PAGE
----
INDIANAPOLIS (Reuters) - The Republican candidate for the Senate in Indiana, Richard Mourdock, said on Wednesday he was sorry if anyone misunderstood a comment on rape and abortion, and White House hopeful Mitt Romney’s campaign said he would stand by the controversial candidate.
Mourdock made comments at a Senate debate on Tuesday night that some critics interpreted as condoning rape. At a hastily called news conference on Wednesday, Mourdock said he abhors rape and violence against women.
“I apologize that they came away” with that interpretation, he said. “And I have certainly been humbled by the fact that so many people think that somehow was an interpretation.”
When he explained at Tuesday night’s debate that the only exception to a ban on abortion should be for the life of a mother, Mourdock said: “I struggled with it myself for a long time, but I came to realize that life is that gift from God, and I think even when life begins in that horrible situation of rape, that it is something God intended to happen.”
The Mourdock incident was the second time during the 2012 election campaign that a conservative Republican candidate for the U.S. Senate made controversial remarks about rape.
Missouri candidate Todd Akin said in August that women have natural defenses against pregnancy from “legitimate rape.” Republicans disavowed Akin’s comment and he has trailed Democratic Senator Claire McCaskill in most polls since then.
Former Massachusetts governor Romney’s spokeswoman Andrea Saul said: “Governor Romney disagrees with Richard Mourdock ... We disagree on the policy regarding exceptions for rape and incest but still support him.”
Earlier in the week, the Mourdock campaign issued a television and radio ad featuring Romney’s endorsement of the Indiana Republican, saying that Mourdock’s vote in the Senate could be crucial to repealing Obama’s health reform law.
Romney’s campaign said he would not pull the ad supporting Mourdock despite Democratic calls for him to do so.
President Barack Obama’s campaign spokeswoman Jen Psaki said the president believed Mourdock’s comment was “outrageous and demeaning to women,” and it was “perplexing” that Romney had not demanded the ads be scrapped.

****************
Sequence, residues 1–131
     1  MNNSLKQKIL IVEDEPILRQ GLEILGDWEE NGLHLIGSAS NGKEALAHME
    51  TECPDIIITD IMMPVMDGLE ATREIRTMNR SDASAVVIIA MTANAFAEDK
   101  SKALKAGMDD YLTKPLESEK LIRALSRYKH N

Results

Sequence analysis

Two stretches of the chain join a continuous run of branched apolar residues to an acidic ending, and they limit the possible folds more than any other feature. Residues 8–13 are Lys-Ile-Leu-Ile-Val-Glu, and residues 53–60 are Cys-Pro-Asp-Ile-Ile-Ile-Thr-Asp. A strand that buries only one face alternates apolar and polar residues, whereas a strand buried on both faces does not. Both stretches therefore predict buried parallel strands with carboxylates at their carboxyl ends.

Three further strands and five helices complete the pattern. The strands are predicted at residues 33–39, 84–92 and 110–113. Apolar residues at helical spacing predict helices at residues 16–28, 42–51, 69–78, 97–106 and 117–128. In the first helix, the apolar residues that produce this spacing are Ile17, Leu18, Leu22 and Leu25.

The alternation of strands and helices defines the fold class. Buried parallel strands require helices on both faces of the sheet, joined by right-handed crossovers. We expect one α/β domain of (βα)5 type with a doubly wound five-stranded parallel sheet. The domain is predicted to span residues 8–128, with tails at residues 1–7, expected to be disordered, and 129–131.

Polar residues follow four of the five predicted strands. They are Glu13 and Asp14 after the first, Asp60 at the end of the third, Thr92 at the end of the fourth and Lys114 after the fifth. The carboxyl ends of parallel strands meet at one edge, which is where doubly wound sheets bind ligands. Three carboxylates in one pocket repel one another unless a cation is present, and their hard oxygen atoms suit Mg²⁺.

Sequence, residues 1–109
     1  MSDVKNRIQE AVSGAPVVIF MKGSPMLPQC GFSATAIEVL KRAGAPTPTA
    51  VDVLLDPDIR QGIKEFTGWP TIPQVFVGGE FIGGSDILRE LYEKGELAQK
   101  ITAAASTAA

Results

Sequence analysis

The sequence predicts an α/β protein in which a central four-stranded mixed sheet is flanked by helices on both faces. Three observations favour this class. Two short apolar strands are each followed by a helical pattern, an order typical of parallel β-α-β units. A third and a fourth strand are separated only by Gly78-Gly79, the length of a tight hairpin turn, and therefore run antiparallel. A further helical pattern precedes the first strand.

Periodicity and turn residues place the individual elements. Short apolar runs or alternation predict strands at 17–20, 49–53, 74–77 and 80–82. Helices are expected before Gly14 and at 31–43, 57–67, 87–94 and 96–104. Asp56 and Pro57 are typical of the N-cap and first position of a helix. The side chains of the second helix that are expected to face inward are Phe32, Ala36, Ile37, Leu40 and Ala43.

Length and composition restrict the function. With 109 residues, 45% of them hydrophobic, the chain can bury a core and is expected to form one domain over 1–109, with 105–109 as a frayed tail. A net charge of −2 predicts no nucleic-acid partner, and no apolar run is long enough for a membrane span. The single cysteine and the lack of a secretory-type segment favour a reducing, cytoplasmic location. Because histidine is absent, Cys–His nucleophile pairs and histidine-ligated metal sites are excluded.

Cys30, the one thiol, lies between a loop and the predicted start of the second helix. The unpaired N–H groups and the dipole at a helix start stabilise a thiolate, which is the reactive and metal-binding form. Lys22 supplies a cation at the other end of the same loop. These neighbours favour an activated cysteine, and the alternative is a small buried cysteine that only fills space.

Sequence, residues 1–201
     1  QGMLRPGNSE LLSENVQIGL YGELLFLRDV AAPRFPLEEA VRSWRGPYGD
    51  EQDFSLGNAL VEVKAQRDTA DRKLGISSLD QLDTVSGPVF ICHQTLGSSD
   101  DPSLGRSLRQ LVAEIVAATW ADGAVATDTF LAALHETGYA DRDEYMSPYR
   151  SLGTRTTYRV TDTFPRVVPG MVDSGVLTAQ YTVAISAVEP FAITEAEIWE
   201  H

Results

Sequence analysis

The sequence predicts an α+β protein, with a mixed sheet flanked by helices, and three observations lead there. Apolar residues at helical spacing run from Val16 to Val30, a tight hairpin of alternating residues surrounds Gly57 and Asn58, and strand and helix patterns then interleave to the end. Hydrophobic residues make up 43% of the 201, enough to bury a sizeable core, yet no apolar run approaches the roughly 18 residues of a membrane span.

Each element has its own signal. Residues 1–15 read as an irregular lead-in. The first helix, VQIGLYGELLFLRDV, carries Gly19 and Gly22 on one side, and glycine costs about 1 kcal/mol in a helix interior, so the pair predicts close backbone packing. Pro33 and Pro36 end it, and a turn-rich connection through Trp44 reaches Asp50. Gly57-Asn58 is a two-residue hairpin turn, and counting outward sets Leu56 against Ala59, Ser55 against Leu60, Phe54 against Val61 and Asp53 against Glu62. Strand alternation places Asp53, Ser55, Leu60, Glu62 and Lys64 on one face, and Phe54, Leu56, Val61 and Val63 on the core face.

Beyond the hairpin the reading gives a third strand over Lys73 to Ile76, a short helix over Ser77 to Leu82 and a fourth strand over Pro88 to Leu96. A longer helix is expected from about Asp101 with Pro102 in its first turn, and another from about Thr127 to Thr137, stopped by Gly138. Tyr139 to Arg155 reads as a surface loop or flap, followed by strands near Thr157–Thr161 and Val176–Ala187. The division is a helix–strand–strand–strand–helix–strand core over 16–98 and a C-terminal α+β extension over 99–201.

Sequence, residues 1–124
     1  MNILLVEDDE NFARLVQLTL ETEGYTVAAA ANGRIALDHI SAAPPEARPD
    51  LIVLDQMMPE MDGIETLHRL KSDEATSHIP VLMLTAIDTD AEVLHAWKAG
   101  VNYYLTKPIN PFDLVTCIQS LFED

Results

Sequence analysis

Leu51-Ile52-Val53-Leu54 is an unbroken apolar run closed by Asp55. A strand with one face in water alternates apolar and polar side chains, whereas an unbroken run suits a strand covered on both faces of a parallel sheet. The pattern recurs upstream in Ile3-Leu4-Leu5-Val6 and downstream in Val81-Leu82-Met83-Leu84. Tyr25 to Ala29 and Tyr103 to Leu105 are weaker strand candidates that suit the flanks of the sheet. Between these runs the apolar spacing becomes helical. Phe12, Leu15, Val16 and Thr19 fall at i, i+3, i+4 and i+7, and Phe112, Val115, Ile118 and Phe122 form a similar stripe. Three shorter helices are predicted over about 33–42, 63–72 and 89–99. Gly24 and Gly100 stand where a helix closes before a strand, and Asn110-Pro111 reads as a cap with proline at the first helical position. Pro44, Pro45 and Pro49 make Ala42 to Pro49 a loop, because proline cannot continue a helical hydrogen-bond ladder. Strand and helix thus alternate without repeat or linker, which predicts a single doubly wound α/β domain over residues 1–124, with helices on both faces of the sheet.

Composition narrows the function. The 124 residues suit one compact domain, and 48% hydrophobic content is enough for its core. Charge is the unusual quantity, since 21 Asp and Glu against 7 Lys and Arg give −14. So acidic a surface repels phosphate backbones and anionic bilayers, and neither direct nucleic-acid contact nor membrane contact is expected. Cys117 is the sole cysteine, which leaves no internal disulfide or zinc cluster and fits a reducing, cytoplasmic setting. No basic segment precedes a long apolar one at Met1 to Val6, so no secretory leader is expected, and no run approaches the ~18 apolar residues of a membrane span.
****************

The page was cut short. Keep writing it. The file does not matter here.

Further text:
“This is a reminder that a Republican Congress working with a Republican president, Mitt Romney, would feel that women should not be able to make choices about their own healthcare,” Psaki told reporters traveling with the president on Air Force One to the swing state of Iowa.
Mourdock defeated longtime Senator Richard Lugar in the Republican primary, dividing the Republican Party. He has since struggled to establish a significant lead in polls against Democratic Congressman Joe Donnelly.
Loss of what was once considered a safe Republican seat in Indiana would be a severe blow to Republican hopes of taking control of the Senate. Republicans need to make a net gain of four Senate seats to win the majority.
Jennifer Duffy, senior editor responsible for Senate races at The Cook Political Report, said it will take a few days to determine if the flap has damaged Mourdock.
“This isn’t the Akin debacle all over again,” Duffy said, referring to the Missouri candidate shunned by his party. “It is far more nuanced.”
Mourdock was not qualifying rape the way that Akin did, using the words “legitimate rape,” she said.
Another difference is that Donnelly is against abortion and has to walk a fine line in criticizing Mourdock. Akin’s opponent in Missouri, McCaskill, favors abortion rights.
While Romney and some others in the Republican party have criticized Mourdock’s comments, they are still supporting him in the election in contrast to Akin, who was abandoned by the party establishment, Duffy said.
Additional reporting by David Bailey and Jeff Mason; Writing by Greg McCune; editing by Stacey Joyce and Philip Barbara